Yields on 10-year US Treasuries have fallen to 2.4pc – a level that was unseen even in the Great Depression. This is "return-free risk", said bond guru Jim Grant.

It is much the same story across the world. Yields are 1.3pc in Japan, 3.02pc in Germany, 3.13pc in Britain, 3.26pc in Chile, 3.47pc in France, and 5.56pc in Brazil.

"Get out of Treasuries. They are very, very expensive," said Mohamed El-Erian, the investment chief at the Pimco, the world's top bond fund, in a Barron's article last week.

It is lazy to think that China, Japan, the petro-powers and the surplus states of emerging Asia will continue to amass foreign reserves, recycling their treasure into the US and European bond markets.

These countries are themselves bleeding as exports collapse. Most face capital flight. The whole process that fed the bond boom from 2003 to 2008 is now going into reverse.

Woe betide any investor who misjudges the consequences of this strategic shift.

Russia has lost 27pc of its $600bn reserves since August. The oil and metals crash has left the oligarchs prostrate. China's reserves fell $15bn in October. Beijing has begun to fret about an exodus of hot money – disguised as foreign investment in plant. The exchange regulator is muttering about "abnormal" capital flows out of the country.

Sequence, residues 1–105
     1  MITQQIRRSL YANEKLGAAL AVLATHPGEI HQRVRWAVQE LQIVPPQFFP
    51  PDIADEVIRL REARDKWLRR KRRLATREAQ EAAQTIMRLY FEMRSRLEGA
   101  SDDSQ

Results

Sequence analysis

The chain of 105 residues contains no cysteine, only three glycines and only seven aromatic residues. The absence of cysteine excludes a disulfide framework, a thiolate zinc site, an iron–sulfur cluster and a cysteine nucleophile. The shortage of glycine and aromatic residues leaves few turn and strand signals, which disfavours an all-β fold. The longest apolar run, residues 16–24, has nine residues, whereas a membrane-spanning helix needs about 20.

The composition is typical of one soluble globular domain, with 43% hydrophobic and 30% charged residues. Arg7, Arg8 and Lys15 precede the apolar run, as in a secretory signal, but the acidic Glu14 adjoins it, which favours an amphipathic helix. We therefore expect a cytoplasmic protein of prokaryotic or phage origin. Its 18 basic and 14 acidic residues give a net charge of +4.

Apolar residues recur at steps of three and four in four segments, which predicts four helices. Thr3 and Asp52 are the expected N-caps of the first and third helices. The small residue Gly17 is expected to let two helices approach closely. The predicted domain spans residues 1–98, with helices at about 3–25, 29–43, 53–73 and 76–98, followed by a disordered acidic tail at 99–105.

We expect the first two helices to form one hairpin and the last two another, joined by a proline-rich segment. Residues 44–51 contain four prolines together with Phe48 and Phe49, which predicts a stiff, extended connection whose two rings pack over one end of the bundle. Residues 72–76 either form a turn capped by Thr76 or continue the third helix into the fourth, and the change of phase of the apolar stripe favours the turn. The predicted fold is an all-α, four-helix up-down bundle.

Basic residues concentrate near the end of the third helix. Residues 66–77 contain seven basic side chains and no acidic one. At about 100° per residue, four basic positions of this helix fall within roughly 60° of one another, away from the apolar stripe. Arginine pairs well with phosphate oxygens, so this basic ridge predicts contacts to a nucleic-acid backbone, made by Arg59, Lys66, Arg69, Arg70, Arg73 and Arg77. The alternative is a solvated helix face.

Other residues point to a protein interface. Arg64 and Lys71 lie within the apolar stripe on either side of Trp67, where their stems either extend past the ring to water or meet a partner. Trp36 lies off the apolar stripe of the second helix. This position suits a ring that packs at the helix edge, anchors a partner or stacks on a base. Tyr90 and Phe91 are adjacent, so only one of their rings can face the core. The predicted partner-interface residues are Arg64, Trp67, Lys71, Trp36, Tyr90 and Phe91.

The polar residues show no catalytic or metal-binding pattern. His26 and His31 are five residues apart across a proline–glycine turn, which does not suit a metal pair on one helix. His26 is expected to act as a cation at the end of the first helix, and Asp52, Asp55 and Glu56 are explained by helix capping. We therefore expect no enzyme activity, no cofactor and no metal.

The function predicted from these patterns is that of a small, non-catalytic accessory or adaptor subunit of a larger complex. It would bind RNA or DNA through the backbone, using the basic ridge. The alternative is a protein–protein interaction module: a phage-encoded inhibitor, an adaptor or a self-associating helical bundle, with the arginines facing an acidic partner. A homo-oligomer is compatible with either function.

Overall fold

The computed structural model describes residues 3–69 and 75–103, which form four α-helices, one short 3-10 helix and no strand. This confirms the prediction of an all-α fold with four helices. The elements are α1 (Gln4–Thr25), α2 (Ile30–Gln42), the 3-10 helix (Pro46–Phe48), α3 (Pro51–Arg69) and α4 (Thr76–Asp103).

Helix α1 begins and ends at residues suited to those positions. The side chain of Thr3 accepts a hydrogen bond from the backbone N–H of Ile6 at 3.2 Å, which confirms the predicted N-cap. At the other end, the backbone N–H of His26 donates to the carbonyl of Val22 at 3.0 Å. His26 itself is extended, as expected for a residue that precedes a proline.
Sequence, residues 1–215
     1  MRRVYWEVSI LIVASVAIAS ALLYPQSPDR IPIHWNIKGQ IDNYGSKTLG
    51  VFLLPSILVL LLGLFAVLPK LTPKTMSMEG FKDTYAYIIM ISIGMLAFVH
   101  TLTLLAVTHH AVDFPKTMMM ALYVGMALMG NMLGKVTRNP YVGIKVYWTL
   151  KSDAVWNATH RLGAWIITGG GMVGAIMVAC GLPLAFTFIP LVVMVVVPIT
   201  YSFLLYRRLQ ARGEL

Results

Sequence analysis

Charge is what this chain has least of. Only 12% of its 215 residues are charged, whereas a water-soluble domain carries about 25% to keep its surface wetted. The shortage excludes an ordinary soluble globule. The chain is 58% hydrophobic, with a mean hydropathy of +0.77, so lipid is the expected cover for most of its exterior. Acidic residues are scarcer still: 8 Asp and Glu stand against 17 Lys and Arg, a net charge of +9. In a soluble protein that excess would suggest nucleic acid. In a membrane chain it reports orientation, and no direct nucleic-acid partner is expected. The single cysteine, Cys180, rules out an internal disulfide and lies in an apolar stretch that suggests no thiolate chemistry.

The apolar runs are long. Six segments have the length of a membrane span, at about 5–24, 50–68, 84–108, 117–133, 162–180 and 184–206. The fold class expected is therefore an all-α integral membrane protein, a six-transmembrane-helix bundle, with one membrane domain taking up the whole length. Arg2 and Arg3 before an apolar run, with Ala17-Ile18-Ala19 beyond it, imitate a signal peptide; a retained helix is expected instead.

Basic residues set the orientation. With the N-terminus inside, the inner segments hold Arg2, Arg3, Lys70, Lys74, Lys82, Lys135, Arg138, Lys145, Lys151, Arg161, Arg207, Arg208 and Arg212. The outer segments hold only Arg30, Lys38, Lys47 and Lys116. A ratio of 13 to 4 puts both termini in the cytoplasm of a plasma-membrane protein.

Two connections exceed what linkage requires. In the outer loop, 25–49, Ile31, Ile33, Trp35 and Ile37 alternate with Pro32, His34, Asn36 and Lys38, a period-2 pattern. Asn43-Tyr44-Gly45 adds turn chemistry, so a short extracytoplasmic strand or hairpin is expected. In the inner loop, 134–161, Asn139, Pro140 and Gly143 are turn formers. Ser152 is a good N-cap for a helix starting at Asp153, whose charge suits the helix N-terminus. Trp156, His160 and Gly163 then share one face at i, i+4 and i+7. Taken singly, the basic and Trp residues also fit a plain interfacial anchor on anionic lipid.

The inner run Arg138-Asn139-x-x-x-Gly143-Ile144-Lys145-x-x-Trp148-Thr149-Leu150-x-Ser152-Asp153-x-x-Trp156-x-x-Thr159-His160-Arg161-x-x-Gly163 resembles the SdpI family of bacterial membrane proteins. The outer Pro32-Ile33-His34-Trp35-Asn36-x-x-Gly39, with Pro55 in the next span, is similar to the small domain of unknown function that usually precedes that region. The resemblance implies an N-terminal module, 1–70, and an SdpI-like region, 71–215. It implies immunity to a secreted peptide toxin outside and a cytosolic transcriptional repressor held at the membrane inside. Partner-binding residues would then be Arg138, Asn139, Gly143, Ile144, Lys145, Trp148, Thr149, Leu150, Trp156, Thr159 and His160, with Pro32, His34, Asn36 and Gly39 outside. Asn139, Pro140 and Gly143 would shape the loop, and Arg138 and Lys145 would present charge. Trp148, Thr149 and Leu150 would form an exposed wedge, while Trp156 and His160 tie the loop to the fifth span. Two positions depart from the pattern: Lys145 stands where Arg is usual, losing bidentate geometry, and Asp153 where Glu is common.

China's $1,900bn stash of foreign bonds is a by-product of holding down the yuan to boost exports.

This mercantilist ploy is no longer necessary, since the currency is weakening. Beijing needs the money at home in any case to prop up the Chinese economy – now in trouble. Even Japan has slipped into trade deficit.

Clearly, the US and European governments cannot rely on Asia to plug the $3,500bn hole in their budgets this year.

Asians are just as likely to be net sellers of their bonds. Which implies that central banks may have to "monetize" our deficits.

James Montier, from Société Générale, has examined US bonds back to 1798. Yields have never been this low before, except under war controls in the 1940s when the price was set by dictate.

That episode is not a happy precedent. The Fed drove the 10-year bond down to 2.25pc, much as it is doing today with mortgage bonds. It helped America win World War Two, but ended in tears for bond holders in 1946 when inflation jumped to 18pc.